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Plus, in a campaign that can seem like reality television, the Hermanator, as he likes to call himself, simply puts on a great show. He is America's unlikeliest new star, hitting The Tonight Show and The View, being mocked on Saturday Night Live and beaming from the cover of his new memoir, This Is Herman Cain! My Journey to the White House. And how many other presidential contenders like to sport black hats and sunglasses or have released their own gospel album? "We have a severe deficiency of leadership," Cain says. The question is whether he's really the kind of leader Republicans are looking for--or just the latest vessel for their intense anti-Establishment frustration.
When Cain visited TIME's New York City offices for an interview in early October, he was certainly a man in action. He arrived with campaign staffers and a book publicist, fresh from a meeting with Donald Trump. ("We hit it off right away," Cain said.) His schedule was packed: Cain paused his interview to dial in to Sean Hannity's radio show, a conservative publication was waiting for its own interview, and his press aide had to turn down yet another request. Afterward, he was off to meet a group of wealthy Manhattan donors. And that cowboy hat he posed in for Time? We supplied one because black hats are a Cain signature. Cain liked it so much, he took it with him; an aide asked our photo editor to send a bill.
It's an unpredictable place to find a man who grew up poor in the segregated South. Cain was born in Memphis and raised in Atlanta, where he lives today. His father was a driver for Coca-Cola's top executive, as well as a janitor and barber, and his mother was a cleaning lady. A graduate of Atlanta's Morehouse College who completed his master's at Purdue University, Cain studied missile trajectories as a civilian employee of the U.S. Navy before joining the Pillsbury Co. There he turned around a group of some 400 struggling Burger Kings, and in 1986 he took over the company's foundering Godfather's Pizza chain. Godfather's "lacked focus," Cain says, so he condensed the menu and simplified its marketing. He went on to arrange a leveraged buyout of the company, stayed on as CEO and made millions on its turnaround before stepping down as chief executive in 1996. His story, Cain says, proves that anyone can succeed in America. Creating jobs, he adds, isn't so different from delivering pepperoni pies. "This President does not understand a fundamental economic principle, which is that the business sector is the engine of economic growth."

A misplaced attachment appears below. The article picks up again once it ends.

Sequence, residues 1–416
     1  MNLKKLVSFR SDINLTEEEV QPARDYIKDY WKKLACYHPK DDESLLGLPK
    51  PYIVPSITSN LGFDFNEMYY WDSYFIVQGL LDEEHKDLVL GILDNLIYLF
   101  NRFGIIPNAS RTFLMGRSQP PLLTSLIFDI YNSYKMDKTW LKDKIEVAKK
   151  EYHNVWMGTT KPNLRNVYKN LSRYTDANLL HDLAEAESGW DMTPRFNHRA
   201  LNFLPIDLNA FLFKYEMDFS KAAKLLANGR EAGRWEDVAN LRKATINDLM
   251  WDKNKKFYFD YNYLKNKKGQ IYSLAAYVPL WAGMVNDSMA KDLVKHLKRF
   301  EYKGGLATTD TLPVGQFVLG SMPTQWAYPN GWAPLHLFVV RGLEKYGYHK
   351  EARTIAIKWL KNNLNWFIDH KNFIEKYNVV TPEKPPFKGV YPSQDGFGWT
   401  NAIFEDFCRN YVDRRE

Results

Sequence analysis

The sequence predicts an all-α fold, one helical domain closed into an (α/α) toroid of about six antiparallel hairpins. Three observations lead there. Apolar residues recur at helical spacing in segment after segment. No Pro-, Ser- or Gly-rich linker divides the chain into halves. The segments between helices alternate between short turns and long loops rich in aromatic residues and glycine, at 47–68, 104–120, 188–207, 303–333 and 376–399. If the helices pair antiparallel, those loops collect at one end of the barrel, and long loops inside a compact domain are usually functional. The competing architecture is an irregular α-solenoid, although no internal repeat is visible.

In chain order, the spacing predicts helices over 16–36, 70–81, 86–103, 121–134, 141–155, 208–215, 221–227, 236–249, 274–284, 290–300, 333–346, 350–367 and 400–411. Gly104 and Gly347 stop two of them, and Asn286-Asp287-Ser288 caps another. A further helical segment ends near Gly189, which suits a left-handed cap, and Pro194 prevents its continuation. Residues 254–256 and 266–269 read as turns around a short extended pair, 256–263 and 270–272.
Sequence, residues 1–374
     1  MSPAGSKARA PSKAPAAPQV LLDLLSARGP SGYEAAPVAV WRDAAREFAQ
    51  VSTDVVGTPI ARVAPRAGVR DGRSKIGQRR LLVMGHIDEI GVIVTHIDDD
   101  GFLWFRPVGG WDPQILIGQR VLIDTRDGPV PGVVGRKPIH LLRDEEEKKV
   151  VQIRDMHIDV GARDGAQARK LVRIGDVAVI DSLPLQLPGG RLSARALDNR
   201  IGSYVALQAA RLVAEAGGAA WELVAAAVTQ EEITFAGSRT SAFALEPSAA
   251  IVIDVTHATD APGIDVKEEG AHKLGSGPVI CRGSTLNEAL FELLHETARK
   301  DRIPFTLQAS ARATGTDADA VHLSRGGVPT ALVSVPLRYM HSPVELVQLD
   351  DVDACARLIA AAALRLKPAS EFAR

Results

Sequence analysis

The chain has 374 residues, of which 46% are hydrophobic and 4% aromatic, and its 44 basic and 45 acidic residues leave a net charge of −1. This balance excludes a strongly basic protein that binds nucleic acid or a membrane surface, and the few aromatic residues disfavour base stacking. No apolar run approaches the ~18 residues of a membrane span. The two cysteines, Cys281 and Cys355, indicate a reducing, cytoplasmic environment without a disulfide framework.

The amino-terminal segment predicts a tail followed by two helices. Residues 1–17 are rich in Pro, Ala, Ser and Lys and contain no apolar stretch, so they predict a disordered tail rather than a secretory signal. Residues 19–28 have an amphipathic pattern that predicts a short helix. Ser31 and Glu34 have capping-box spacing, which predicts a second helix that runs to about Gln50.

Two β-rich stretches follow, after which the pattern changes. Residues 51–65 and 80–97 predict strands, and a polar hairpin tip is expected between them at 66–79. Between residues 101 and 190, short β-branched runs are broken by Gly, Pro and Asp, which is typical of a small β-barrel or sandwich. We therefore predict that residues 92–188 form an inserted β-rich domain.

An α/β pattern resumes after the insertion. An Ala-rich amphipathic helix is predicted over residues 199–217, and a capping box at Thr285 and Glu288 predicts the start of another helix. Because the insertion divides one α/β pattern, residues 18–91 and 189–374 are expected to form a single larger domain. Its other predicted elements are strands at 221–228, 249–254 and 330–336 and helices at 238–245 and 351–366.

Not that Cain, who survived a severe 2006 bout with colon cancer, is a total newcomer to politics. Republicans first took notice of him in 1994, when Cain forcefully challenged Bill Clinton about the costs of his health care plan during a televised town-hall meeting. (The exchange is now a YouTube hit.) Former GOP Congressman Jack Kemp made him an adviser to the 1996 Dole-Kemp ticket, and Cain tested his own White House bid in 2000. He also mounted a losing U.S. Senate campaign in Georgia four years later. While living in Omaha in the 1990s--Godfather's is based there--he chaired the Kansas City, Mo., arm of the Federal Reserve. And he spent nearly three years in the late '90s running the Washington-based National Restaurant Association, in effect serving as the dining industry's top lobbyist.